Banking Interpretations

Gen. Regs. of BB Part 38 and 80 and General Obligations Law 5-501

April 7, 2005

[ ]

Re: Prepayment Penalties on Mortgages related to properties located in New York State

Dear [ ]:

Your May 18, 2004 letter to the Legal Division, New York State Banking Department (the "Department"), has been referred to me for response. In your letter you asked: (i) for an interpretation of the meaning of the "six percent rate of interest charged" found in the New York State General Obligations Law, Title 5, §5-501(3); and (ii) can prepayment penalties be assessed on junior mortgage loans to the same extent they are imposed on first lien mortgage loans.

General Obligations Law, Title 5, §5-501(3) (the "Statute") reads, in part:

"If the rate of interest charged, taken or received on any loan or forbearance secured primarily by either (i) an interest in real property improved by a one to six family residence occupied by the owner or (ii) certificates of stock or other evidence of an ownership interest in a corporation or partnership formed for the purpose of the cooperative ownership of real estate taken as security for a loan under subdivision five of section one hundred three of the banking law, subdivision eight-a of section two hundred thirty-five of such law or subdivision two-a of section three hundred eighty of such law, exceeds six per centum per annum."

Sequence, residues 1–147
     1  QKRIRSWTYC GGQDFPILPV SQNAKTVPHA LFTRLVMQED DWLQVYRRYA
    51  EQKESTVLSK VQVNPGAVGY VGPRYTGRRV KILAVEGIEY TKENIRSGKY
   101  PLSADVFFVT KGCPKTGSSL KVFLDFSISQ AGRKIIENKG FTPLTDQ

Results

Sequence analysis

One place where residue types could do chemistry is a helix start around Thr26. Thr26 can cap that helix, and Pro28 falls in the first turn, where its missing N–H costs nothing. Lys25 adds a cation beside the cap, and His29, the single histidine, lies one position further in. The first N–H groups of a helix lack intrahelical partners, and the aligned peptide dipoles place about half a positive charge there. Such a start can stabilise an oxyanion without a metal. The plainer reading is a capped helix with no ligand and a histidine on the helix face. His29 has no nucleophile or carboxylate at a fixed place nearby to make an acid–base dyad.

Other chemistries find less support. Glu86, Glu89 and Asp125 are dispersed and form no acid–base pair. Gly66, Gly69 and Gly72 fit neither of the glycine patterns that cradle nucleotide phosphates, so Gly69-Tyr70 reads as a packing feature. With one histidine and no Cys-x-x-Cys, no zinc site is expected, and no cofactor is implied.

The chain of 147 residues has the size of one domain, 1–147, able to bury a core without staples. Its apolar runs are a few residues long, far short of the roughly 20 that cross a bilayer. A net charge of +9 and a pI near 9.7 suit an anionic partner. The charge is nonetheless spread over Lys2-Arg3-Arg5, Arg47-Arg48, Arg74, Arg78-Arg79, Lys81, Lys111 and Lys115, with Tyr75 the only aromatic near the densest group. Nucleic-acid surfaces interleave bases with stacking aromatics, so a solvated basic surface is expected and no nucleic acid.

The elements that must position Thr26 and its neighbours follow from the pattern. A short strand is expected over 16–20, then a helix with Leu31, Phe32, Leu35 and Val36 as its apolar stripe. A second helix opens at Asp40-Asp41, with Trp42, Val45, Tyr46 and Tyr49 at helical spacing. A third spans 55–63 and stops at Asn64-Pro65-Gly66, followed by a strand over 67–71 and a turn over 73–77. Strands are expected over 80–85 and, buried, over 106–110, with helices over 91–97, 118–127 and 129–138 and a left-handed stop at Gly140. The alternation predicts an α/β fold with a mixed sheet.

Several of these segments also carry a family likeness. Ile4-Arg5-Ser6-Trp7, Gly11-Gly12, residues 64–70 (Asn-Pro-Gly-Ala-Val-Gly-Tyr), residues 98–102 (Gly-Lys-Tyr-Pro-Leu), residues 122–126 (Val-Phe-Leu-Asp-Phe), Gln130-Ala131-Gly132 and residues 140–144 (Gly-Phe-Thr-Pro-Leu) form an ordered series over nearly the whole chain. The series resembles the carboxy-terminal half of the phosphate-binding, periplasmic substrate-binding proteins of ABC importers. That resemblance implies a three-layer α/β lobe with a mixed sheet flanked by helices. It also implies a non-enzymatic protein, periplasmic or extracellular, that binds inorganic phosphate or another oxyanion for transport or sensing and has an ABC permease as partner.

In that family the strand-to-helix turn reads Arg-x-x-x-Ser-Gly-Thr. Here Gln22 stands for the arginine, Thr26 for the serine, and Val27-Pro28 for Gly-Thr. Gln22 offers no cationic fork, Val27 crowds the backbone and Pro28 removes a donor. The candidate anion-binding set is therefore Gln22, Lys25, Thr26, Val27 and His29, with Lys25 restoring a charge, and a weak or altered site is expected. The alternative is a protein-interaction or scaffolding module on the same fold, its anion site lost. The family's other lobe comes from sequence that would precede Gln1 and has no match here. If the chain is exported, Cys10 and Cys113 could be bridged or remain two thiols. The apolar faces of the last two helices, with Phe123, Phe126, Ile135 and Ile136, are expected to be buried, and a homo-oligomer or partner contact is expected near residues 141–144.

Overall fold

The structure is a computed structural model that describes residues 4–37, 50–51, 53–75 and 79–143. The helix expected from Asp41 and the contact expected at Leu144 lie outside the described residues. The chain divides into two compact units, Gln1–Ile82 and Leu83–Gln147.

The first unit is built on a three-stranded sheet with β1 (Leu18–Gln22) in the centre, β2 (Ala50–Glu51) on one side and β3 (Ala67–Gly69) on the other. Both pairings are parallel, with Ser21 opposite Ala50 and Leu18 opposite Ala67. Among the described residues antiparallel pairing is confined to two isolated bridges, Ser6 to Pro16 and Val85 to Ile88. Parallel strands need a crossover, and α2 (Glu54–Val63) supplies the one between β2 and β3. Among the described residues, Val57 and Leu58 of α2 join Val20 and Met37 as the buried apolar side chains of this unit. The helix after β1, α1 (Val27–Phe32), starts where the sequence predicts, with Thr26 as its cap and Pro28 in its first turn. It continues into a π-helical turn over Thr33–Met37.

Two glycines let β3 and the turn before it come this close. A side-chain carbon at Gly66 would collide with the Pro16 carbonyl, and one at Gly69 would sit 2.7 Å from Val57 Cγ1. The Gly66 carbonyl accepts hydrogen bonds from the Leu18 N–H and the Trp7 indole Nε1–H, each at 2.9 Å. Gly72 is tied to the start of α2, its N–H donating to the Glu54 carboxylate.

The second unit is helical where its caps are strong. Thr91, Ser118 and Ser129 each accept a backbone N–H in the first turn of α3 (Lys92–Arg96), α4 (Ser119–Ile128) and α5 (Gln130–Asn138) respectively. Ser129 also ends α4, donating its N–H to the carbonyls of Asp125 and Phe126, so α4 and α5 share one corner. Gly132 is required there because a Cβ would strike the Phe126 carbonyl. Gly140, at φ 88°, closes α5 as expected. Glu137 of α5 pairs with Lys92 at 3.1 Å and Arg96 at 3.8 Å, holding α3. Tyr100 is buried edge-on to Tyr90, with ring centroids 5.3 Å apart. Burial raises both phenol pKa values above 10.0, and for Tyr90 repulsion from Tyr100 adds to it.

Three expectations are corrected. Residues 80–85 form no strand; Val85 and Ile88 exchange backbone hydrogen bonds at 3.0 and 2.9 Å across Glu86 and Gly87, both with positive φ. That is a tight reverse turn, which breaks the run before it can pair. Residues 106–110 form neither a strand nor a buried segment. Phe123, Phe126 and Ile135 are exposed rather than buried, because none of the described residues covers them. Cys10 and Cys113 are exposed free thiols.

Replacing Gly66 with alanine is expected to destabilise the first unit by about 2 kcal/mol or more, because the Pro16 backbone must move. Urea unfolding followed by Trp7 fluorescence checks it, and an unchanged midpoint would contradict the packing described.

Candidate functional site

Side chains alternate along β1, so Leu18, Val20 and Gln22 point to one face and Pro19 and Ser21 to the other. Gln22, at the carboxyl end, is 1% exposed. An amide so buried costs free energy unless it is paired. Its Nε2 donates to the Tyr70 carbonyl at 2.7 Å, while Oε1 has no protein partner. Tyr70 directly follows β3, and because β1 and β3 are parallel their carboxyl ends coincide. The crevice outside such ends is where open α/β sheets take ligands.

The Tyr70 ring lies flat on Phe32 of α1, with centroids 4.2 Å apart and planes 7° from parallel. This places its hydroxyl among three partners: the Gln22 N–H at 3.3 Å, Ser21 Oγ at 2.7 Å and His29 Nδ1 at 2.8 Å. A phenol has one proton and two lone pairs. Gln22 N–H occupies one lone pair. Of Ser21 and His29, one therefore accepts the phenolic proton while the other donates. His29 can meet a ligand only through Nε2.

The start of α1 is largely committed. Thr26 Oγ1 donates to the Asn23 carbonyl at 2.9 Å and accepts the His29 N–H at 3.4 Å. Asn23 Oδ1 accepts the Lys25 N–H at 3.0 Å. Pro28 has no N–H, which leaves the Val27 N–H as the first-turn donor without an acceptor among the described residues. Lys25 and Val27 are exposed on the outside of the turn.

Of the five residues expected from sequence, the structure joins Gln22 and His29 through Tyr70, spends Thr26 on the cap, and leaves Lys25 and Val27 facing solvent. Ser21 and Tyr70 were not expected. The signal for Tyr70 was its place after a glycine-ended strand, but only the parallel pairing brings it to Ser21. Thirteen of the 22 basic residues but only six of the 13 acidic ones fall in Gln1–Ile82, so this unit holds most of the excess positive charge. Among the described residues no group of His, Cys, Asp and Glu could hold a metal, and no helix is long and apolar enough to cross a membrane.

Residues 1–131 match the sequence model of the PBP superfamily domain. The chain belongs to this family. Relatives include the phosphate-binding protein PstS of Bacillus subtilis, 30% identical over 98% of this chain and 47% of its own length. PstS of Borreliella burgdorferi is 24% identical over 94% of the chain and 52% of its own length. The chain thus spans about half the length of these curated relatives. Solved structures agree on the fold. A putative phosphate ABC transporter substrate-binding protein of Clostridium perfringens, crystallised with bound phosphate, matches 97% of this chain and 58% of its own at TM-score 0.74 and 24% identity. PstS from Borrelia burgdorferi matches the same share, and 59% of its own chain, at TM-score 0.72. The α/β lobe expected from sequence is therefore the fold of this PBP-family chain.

The Statute is clear, its provisions are only applicable to covered mortgage loans if the interest rate charged is above six percent. Further, because the Statute does not provide for different treatment of fixed and/or variable rate transactions, the six percent threshold applies to both. In cases where the interest rate charged is less than six percent, the terms of the contract dictates.

In connection with your second question, the General Regulations of the Banking Board, Part 80.9 provides that:

"A contract, note or instrument evidencing or securing a junior mortgage loan shall not contain:...

(e) any provision prohibiting prepayment of the junior mortgage loan in whole or in part or imposing a penalty, except as otherwise permitted by section 5-501(3)(b) of the General Obligations Law, and then only if according to the provisions of the note and mortgage, the interest rate for the loan shall remain fixed for a period of at least five years, the mortgage broker, mortgage banker and/or exempt organization complies with the provisions of section 38.2, 38.3 and 38.4 of this Title which pertain to prepayment penalties and the loan contract provides for a prepayment penalty."

From the plain reading of the above-cited regulation, it is clear that mortgage lenders can impose prepayment penalties on "junior mortgage loans" to the same extent that they can be imposed on first lien "mortgage loans," as such terms are defined by General Regulations of the Banking Board, Part 80.1(c), and General Regulations of the Banking Board, Part 38.1(m), respectively.

I trust the foregoing is responsive to your inquiry.

Very truly yours,

Harry C. Goberdhan